The EJI’s memorial is centered on 805 steel monoliths suspended in midair, each of which represents a county in which a lynching was documented.
Replicas of each of those monuments surround the memorial, to be claimed and taken to their respective counties as satellite memorials.
The JCMP’s report is Jefferson County’s first step toward that reclamation, said Schneider.
“We think historically of how Birmingham has been a leader in issues around racial injustice, and we can continue to be for this national conversation,” she said.
The 30 African Americans whose lynchings were chronicled in the report were all killed as an act of racial terrorism by white mobs of at least three or more people, whether they were killed by hanging, burning, mutilating, shooting or other forms of assault.
“This report will be hard to read,” Schneider warned.
Organizers also warned it would be hard to talk about.
As part of the project, those students received training on archival and primary source research and spent time at Birmingham’s Linn-Henley Research Library poring over contemporary newspaper reports and genealogy databases in efforts to piece together victims’ stories.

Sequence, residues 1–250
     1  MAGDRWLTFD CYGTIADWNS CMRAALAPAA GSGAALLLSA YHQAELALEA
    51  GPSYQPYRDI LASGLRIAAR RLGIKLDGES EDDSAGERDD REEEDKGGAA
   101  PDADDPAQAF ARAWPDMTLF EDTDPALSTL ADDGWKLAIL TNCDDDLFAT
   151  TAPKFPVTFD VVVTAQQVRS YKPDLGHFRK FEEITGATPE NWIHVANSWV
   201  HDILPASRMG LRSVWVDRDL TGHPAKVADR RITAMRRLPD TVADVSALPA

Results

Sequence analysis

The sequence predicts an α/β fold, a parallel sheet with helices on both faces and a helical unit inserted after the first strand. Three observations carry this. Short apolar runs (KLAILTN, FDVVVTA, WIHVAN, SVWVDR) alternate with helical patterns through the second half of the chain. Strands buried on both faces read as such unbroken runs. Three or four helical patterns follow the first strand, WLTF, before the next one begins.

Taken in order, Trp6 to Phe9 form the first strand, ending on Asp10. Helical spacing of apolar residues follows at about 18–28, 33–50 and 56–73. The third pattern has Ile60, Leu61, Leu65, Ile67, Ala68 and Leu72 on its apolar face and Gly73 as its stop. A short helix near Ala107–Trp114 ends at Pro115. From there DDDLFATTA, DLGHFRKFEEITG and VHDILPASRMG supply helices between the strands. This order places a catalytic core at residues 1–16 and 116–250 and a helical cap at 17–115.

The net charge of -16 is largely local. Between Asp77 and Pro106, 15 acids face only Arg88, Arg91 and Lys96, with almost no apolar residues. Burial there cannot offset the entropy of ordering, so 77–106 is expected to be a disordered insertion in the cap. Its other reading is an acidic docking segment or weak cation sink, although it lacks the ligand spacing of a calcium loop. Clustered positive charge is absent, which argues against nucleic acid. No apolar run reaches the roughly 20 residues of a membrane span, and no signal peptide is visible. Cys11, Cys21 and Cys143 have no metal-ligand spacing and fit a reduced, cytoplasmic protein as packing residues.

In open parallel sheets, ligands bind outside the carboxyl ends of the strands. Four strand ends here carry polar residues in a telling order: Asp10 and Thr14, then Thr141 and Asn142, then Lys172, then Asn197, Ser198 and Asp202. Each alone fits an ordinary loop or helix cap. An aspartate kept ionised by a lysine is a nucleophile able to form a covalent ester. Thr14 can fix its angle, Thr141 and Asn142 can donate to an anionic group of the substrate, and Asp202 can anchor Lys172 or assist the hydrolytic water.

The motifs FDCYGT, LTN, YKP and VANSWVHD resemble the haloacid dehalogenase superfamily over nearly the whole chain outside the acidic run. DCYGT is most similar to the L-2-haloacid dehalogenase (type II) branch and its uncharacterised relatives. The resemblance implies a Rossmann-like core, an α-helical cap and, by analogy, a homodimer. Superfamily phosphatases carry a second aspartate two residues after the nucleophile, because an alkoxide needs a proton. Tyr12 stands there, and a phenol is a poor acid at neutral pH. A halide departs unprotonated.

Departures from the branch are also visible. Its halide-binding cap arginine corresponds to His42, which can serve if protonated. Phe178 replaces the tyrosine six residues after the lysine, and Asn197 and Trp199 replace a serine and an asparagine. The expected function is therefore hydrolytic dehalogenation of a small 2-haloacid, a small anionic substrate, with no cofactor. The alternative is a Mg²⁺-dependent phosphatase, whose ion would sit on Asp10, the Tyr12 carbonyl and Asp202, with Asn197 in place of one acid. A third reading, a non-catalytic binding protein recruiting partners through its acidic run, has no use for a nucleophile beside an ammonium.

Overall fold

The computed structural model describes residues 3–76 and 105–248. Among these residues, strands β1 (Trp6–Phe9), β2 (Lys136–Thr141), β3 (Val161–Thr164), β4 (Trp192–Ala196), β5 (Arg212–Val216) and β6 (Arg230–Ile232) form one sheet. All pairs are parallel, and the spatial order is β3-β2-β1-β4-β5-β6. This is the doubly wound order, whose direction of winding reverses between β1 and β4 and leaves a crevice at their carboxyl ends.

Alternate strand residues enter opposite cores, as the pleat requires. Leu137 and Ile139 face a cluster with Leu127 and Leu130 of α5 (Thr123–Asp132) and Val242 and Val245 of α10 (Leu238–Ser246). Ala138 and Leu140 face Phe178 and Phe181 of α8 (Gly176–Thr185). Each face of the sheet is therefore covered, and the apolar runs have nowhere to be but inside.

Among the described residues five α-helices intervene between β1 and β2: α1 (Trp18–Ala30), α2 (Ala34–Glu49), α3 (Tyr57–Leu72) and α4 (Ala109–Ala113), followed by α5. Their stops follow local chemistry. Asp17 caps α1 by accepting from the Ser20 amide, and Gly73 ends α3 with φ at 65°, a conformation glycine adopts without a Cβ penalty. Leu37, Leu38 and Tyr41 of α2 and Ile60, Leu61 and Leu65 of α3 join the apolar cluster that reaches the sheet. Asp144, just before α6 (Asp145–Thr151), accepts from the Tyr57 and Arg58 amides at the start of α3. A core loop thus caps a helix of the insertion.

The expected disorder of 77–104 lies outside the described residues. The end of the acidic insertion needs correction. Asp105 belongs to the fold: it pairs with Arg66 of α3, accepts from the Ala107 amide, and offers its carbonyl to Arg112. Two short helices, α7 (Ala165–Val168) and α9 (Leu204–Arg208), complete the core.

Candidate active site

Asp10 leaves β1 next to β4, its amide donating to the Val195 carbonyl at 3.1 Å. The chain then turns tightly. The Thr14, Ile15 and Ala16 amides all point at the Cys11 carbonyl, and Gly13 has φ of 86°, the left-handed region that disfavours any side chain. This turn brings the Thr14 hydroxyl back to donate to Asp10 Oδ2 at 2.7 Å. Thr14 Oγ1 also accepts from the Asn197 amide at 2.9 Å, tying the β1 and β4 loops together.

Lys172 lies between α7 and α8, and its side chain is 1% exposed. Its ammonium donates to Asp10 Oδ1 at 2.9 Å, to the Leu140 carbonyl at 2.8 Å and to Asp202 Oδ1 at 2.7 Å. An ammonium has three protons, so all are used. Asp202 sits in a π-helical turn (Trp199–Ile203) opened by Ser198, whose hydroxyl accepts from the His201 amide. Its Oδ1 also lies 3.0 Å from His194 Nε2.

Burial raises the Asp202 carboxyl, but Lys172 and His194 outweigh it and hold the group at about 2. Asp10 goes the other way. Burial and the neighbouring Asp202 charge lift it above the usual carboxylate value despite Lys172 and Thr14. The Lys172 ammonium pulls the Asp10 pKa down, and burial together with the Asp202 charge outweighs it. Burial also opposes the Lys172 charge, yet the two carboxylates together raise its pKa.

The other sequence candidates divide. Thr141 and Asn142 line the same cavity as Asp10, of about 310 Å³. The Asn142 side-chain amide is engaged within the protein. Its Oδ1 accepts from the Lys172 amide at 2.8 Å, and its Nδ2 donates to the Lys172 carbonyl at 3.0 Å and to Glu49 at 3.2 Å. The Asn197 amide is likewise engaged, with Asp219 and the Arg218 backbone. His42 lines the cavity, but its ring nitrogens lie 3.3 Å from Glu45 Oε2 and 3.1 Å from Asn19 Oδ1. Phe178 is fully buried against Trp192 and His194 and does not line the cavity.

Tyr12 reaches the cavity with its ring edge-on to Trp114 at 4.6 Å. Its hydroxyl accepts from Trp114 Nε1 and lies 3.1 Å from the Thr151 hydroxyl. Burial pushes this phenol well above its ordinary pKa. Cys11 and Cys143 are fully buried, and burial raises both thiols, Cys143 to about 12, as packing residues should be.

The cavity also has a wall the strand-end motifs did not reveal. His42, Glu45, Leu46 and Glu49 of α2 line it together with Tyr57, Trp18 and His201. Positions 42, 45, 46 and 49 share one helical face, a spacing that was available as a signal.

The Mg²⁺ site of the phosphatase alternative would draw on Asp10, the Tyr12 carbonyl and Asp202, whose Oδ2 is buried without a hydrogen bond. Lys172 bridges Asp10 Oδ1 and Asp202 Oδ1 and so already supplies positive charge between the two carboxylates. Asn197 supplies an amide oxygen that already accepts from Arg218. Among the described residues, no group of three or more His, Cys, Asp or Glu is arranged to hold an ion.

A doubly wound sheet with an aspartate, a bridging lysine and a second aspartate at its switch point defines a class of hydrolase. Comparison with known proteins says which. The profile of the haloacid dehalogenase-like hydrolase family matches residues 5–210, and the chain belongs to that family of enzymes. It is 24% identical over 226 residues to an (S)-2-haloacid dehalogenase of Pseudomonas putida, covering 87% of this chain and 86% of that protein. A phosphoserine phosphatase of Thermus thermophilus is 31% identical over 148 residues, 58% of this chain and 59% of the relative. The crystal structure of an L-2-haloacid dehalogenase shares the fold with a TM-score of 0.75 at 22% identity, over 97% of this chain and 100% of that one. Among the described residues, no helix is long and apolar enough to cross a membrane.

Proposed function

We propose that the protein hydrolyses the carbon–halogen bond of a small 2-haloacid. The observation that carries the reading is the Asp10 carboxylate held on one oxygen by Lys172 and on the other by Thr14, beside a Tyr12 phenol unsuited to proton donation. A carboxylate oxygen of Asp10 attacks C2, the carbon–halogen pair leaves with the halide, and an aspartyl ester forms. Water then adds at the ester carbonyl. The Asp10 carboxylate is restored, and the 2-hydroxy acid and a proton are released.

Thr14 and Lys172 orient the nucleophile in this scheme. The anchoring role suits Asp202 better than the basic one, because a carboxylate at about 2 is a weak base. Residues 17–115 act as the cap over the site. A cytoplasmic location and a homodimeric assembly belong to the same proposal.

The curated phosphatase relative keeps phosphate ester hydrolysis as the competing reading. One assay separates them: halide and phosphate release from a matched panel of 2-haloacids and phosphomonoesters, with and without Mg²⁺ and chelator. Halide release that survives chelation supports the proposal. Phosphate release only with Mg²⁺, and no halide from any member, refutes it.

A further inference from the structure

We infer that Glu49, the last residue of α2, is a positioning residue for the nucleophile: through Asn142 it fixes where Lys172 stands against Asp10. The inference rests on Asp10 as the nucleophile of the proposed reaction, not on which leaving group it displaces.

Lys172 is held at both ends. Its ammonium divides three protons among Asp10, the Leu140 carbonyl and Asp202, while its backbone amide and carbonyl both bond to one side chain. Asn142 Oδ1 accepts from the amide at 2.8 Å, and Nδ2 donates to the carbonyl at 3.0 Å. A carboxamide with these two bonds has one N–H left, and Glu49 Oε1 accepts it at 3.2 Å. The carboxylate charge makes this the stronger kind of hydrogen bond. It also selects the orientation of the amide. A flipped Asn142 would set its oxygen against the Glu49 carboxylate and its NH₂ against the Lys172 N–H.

Schneider said some difficulty came from a “lack of documentation” of racial violence in Jefferson County.
“We quickly realized that this research hadn’t been properly or comprehensively done before,” she said.
Most of the reports from contemporary newspapers were written from the perspective of white newspapers, many of which depicted the killings “in a way that condoned them and made them seem like it was a rough-justice act, like this (victim) deserved this,” Schneider said.
“These articles usually focused very much on the alleged crime (used as a pretext for killing the victims) rather than the fact that this was a mob of white men publicly murdering someone.
“Additionally, they would refer to these men as ‘savages’ and ‘brutes’ and other incredibly dehumanizing and racist words.”
Houston’s murder was an example.
Dragging him to a public space for his lynching was intended to send a message to Birmingham’s black community not to challenge white supremacy, the report said.
“The goal was to systematically repress the black community socially, politically, and economically,” said the researchers.
Following the lynching, a black lawyer, James A. Scott, tried to gather the black community to protest Mr. Houston’s lynching.
But the mayor at the time requested the help of local militia, who patrolled the city through the night on horse and on foot. They apparently succeeded in frightening off any protest.
A newspaper article at the time noted that “not a dozen” black people were seen on the street after 10 p.m., nor were they congregating where they typically did on Sundays.
The Crime Report is pleased to publish this report by BirminghamWatch, the Alabama Initiative for Independent Journalism, a collaborating partner in the Institute for Nonprofit News (INN). The full report, including studies of the 30 victims can be read here.